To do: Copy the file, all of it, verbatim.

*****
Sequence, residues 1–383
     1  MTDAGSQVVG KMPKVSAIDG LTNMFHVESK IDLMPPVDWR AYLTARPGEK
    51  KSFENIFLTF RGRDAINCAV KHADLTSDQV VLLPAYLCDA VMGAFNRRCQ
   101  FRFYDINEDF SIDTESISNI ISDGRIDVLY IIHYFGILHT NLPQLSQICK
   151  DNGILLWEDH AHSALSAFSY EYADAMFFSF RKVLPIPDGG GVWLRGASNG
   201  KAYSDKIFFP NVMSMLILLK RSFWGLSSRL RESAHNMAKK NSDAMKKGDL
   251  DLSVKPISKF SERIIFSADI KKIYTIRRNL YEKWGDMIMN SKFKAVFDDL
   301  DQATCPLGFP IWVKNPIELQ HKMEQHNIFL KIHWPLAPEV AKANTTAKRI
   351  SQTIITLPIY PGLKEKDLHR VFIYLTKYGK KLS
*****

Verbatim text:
Sequence, residues 1–383
     1  MTDAGSQVVG KMPKVSAIDG LTNMFHVESK IDLMPPVDWR AYLTARPGEK
    51  KSFENIFLTF RGRDAINCAV KHADLTSDQV VLLPAYLCDA VMGAFNRRCQ
   101  FRFYDINEDF SIDTESISNI ISDGRIDVLY IIHYFGILHT NLPQLSQICK
   151  DNGILLWEDH AHSALSAFSY EYADAMFFSF RKVLPIPDGG GVWLRGASNG
   201  KAYSDKIFFP NVMSMLILLK RSFWGLSSRL RESAHNMAKK NSDAMKKGDL
   251  DLSVKPISKF SERIIFSADI KKIYTIRRNL YEKWGDMIMN SKFKAVFDDL
   301  DQATCPLGFP IWVKNPIELQ HKMEQHNIFL KIHWPLAPEV AKANTTAKRI
   351  SQTIITLPIY PGLKEKDLHR VFIYLTKYGK KLS